Wednesday, March 19, 2014

Crispy Salmon by Gordon Ramsay

A while back, I was looking for a better way to make salmon and came across this video of Gordon Ramsey preparing his Crispy Salmon.  If you skip to about 2:07, that's when he starts making the salmon.  

I've since seen some paleo recipe bloggers copy Ramsay's technique which is so simple it's genius.  But will it work in my kitchen? Let's see.  

I started by putting some 1/2 inch deep slices into the salmon fillet.  I tried to roll mine like he does but had limited success. Don't worry if you accidentally cut through the full depth of the salmon when making these slices.  

I sprinkled salt and pepper into the slices and drizzled some olive oil on top of the fillets.    

Next up, heat some olive oil in a sauté pan.  When oil just starts to smoke, carefully add the salmon skin side down.  Once the salmon is in the pan salt and pepper the flesh side.  

After that, "leave it" he says.  Do not touch it.  Watch the side of the salmon for the color to change. When the color has changed 2/3 the way up, flip the salmon.  It will take 4-5 minutes he says.  

Sorry for the lighting, but I think you can see the color change still.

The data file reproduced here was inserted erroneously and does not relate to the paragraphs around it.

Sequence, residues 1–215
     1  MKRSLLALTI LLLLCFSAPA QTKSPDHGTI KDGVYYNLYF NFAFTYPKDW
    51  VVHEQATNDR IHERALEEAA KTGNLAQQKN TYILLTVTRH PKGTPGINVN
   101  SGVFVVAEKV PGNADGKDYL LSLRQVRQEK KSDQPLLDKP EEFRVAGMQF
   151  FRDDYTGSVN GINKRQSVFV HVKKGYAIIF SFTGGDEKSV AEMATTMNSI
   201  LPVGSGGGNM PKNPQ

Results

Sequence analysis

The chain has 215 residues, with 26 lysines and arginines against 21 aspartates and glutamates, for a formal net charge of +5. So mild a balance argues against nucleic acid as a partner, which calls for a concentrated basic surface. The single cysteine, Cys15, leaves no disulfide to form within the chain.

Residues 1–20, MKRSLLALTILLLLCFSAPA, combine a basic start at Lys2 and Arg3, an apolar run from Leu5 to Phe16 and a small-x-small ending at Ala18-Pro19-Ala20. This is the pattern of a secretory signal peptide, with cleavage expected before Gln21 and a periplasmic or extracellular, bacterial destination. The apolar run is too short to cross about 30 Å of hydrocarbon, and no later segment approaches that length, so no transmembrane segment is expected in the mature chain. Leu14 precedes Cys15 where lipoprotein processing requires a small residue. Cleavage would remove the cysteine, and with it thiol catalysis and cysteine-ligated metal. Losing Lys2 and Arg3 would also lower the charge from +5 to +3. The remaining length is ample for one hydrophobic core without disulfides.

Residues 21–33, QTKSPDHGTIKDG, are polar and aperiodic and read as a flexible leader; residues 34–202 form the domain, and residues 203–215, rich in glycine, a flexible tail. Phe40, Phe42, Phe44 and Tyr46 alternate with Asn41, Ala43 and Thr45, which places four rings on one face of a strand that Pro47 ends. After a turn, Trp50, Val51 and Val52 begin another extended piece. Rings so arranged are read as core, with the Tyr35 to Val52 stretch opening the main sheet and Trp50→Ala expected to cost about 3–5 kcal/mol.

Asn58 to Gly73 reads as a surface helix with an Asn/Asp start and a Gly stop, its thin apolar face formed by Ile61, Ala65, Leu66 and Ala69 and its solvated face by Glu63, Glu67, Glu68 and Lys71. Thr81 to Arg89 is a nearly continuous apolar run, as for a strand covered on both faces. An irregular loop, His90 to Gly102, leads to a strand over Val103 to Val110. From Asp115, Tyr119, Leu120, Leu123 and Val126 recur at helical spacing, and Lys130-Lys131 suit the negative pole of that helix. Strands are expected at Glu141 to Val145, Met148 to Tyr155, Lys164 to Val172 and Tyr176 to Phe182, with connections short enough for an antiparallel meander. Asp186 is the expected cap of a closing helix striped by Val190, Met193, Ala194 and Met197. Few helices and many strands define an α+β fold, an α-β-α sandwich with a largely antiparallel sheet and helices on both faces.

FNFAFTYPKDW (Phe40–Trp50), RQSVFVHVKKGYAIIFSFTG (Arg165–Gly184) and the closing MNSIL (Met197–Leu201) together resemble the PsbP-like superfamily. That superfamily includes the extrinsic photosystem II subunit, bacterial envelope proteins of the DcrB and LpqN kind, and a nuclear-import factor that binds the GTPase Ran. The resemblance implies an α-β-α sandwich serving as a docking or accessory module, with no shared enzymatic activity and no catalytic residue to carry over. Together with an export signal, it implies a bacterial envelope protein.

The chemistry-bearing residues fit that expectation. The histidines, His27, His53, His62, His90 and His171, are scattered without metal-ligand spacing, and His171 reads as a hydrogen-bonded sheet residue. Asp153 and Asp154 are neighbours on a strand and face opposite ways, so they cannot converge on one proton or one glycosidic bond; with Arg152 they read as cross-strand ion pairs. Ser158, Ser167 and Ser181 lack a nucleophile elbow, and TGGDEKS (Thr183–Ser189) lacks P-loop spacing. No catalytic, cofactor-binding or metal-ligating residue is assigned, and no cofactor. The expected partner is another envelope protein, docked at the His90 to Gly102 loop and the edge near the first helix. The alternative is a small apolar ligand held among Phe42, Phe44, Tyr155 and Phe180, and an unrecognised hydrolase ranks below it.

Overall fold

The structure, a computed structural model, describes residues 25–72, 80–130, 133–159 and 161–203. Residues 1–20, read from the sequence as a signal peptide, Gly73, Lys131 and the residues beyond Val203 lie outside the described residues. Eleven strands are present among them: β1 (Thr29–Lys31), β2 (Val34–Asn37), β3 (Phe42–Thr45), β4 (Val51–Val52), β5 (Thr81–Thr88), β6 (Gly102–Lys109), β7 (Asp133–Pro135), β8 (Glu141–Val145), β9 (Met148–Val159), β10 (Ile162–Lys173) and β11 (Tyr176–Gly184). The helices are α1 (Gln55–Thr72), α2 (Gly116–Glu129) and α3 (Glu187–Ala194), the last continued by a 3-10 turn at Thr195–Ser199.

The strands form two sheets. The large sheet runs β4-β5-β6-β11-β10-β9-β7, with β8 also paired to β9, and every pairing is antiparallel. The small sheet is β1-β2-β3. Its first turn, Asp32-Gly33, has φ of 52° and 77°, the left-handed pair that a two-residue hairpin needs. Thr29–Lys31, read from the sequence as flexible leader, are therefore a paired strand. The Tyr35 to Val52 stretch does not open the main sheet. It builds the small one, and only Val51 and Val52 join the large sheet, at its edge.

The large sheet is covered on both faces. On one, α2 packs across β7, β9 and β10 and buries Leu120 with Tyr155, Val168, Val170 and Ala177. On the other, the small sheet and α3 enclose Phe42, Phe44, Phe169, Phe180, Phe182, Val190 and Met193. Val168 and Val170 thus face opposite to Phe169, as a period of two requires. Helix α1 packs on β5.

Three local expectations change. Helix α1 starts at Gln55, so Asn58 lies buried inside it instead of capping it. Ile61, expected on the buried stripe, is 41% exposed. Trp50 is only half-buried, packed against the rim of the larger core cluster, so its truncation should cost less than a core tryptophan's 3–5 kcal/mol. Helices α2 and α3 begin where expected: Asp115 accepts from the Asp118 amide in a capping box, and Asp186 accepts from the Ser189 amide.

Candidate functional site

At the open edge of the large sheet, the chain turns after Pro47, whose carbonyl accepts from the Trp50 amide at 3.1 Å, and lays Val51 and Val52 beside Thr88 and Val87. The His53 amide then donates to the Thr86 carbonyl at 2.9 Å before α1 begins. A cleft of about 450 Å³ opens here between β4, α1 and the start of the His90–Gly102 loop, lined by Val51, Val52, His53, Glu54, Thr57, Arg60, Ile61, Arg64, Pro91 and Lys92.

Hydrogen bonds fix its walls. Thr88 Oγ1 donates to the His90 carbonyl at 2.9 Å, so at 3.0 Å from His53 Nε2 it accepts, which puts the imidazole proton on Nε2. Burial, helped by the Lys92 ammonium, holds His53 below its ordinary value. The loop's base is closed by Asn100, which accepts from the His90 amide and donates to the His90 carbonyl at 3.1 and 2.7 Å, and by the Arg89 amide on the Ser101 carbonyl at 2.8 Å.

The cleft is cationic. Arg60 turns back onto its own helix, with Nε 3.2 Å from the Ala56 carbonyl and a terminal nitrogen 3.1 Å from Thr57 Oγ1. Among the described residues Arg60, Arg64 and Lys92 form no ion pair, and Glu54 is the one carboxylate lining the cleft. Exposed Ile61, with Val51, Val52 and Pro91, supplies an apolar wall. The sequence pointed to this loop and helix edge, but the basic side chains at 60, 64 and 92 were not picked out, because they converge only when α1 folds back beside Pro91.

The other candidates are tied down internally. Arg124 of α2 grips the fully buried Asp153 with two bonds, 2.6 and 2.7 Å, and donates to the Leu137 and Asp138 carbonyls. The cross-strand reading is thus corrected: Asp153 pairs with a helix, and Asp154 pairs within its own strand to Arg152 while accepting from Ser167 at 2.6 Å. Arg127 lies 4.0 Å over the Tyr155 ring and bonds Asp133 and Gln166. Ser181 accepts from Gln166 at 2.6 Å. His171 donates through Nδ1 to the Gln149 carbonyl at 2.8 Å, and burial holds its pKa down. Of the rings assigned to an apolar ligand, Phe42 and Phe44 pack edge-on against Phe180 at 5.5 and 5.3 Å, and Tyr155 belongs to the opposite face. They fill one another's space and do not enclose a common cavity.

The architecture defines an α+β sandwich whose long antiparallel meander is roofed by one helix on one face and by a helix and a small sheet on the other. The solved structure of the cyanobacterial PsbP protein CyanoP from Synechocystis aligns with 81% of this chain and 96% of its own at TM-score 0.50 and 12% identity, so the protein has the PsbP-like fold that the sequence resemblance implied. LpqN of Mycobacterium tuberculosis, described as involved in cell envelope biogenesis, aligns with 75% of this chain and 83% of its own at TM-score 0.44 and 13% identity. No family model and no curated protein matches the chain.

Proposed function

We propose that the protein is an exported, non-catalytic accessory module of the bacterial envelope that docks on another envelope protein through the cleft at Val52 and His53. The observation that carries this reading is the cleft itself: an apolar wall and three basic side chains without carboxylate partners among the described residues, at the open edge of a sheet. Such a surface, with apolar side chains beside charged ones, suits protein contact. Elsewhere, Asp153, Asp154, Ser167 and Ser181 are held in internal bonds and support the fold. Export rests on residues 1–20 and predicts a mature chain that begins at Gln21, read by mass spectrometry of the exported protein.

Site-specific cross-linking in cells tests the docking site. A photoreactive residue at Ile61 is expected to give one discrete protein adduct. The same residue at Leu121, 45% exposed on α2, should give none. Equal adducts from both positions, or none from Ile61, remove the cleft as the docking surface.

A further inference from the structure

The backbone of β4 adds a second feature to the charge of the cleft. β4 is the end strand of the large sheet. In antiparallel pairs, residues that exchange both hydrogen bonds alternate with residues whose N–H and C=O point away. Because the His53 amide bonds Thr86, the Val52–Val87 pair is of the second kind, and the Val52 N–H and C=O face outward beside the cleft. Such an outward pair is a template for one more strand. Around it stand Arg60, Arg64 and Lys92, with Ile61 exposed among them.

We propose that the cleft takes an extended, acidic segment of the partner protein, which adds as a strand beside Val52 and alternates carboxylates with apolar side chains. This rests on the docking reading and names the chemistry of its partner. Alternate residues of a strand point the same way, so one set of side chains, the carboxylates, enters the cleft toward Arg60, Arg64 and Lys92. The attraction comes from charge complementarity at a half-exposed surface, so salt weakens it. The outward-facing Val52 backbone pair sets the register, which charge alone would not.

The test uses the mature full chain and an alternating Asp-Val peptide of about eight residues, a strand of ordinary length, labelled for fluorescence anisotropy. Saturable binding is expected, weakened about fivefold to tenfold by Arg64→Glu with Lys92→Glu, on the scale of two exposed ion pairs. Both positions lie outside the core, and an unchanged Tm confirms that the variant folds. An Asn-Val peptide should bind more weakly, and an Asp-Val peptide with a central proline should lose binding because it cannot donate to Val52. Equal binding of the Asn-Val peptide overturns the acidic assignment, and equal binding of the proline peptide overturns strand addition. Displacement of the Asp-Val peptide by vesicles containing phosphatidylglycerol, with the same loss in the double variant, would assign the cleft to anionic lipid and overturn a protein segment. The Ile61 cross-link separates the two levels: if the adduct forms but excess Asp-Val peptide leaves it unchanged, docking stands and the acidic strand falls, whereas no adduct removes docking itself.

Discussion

I don't have a fancy "fish slice", but my regular turner worked just fine to give my salmon it's only turn.  Once turned to the flesh side of the fillet, tilt pan and let olive oil cook the "bum" (the thicker end) of the salmon.  

I didn't turn mine back over as he did as I was ready to eat the salmon with my Chinese Broccoli. 

Accessibility & Cost of Ingredients:  I tend to get salmon when it's on sale.  The fillets I used were a part of a coupon deal at Whole Foods.  Good quality salmon isn't cheap, so get what you can afford when you can.  

Preparation & Cooking Time:  I didn't set a timer, but it really only takes about 15 minutes max to prepare and cook the fish.  

The Paleo Review:  Thumbs Up!  I would gladly present this salmon (and Chinese Broccoli) as exhibit A as to how quick, easy, fresh and flavorful paleo cooking can be.  But you don't like the skin?  Have you tried it crispy?  If you haven't, give it a try this way, I bet you will. Just think of the nutrients you'll get from it.  

I usually get enough salmon for two portions, so just for the sake of trying, I cooked both using this method in a large skillet at the same time to see if it could be done, and yes, yes it can.  

Breakfast and lunch ready to go.

I want to figure out how to do the tomatoes at the end of the video. I've looked for what leaving the "pilot light" on in my contractor grade oven would be and my best guess would be to leave it on its lowest setting.  I'm not comfortable leaving my oven on at any temperature over night.  I think this recipe from NomNomPaleo is probably close to what he does in the video.  I might give it a try.  

What's your favorite way to prepare salmon?  Skin on or skin off?